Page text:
On this page we show you step by step how to prepare for the sales pitch, how to prepare a sales guide and how to avoid common mistakes.
The good news right from the start:
Basically, everyone can learn to sell better - including you! Regardless of your previous training and the industry in which you work.
Of course, there are certain character traits or personality traits that can be an advantage in sales. Nevertheless, we are convinced that, for example, rather introverted people can also become top salespeople.
Because sales is explicitly not about pushing oneself into the centre, but rather about really understanding the customer and then offering them the best solution to their problem.
And of course, classic qualities such as ambition, motivation and persistence are an advantage... But doesn't that also apply to any other professional field?
In this article we show you how you too can learn to sell -- from doers for doers!
Preparation for the sales talk
Inform yourself in detail about your client
It should be a matter of course to thoroughly inform yourself about the client before every appointment.
Perceive all information and every detail as it is.
Avoid interpretations and do not judge. Remain value-free and "open-minded".
The brain is a master at quickly evaluating new impressions and sorting them into categories. Become aware of this and "resist" it.
Moreover, it can be invaluable to immerse oneself in the life, environment and experiences of the other person.
Fortunately, the internet makes this very easy nowadays:
You may also be able to find out who your client knows, what they like to do in their spare time and which countries they have already travelled to via the popular social media channels.
To train your own instincts and gain more insight into learning to sell, we recommend the book "Closing" by James W. Pickens.
Full concentration on the next conversation
How do you behave when you are expecting guests at home?
They make sure that your flat is clean and tidy and that the sweaty sports clothes from the day before are not flying around the living room.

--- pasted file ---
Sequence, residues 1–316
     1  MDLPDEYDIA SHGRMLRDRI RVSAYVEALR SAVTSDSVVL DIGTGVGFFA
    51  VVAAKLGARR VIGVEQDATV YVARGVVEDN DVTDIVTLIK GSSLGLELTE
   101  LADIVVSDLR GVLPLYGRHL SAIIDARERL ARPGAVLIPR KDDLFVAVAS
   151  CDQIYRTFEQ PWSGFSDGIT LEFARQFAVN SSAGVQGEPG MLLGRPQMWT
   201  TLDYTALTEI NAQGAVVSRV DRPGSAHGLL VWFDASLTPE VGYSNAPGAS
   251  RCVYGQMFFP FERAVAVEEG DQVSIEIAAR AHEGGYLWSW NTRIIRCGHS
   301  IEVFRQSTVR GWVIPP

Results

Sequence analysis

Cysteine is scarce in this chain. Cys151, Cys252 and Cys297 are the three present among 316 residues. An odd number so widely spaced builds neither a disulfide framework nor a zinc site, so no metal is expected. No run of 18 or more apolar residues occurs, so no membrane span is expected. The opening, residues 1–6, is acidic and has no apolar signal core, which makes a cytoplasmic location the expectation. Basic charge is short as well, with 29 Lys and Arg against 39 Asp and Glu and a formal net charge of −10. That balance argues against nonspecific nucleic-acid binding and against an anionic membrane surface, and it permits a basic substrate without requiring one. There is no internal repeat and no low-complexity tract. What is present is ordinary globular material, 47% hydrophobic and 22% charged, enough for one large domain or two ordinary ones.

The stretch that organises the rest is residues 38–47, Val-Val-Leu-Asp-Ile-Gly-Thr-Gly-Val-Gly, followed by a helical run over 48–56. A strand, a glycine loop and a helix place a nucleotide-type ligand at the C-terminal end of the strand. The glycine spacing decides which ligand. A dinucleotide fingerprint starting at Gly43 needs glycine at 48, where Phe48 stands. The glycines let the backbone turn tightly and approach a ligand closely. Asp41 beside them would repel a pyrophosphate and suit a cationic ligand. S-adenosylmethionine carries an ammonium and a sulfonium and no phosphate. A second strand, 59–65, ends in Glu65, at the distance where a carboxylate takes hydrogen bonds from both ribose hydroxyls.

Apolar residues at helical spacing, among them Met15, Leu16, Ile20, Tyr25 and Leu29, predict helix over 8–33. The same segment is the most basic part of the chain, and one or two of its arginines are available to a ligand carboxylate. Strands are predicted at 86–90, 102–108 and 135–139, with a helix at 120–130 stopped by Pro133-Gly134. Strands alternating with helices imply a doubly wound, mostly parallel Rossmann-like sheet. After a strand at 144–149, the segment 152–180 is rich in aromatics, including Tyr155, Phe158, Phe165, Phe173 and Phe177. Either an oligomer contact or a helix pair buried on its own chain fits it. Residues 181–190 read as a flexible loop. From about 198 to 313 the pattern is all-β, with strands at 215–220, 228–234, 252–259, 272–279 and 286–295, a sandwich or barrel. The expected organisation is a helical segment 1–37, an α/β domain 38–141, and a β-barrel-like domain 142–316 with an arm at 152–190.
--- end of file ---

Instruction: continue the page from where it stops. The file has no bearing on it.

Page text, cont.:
You should also go into every single (!) sales talk with the same care.
A well-groomed appearance is a must - especially at appointments on site, but also on the phone. Because clothing influences our entire behaviour and thus also our voice.
To put it bluntly:
It makes an enormous difference whether you are sitting in a bright office with smart trousers and shirt or at home in a dark room with a T-shirt and sweatpants. And your customer can hear this difference, really!
Sort your papers and make sure your desktop is tidy and programmes you don't need are closed. Remove all unnecessary documents from your desk.
And very important: Be in good spirits!
After all, you now have the chance to win a new customer!
We recommend meditating 5-10 minutes before the appointment. Let go of negative experiences and stressful thoughts and concentrate solely on the upcoming conversation.
Etiquette: Give others the opportunity to shine
Always be friendly and courteous. This is truly not an insider tip, yet it cannot be repeated often enough. Gentlemen run the show.
Show sincere interest in your client, his problems, his concerns and his goals. Listen into his world and into his thoughts.
The best salespeople are good listeners...
Because only those who listen well can really understand what the customer needs or what the real need is behind his or her wishes.
Give your counterpart the space to unfold. If you take a step back, he will reveal more about his current situation and his needs all by himself.
He or she cannot give you a better template to pitch your product or service....
Guidance: Developing a guide for the sales pitch
A sales guide is a sequence of questions that you ask your counterpart in order to get more information about them, their plans and/or their problems.
A sales guide is explicitly not a script that you read more or less "blindly".
If you work with 1:1 prefabricated sentence templates and conversation modules, you run the risk of making the conversation seem artificial and contrived to the customer.
The purpose of the guide is not to tell you in detail what to say and when to say it....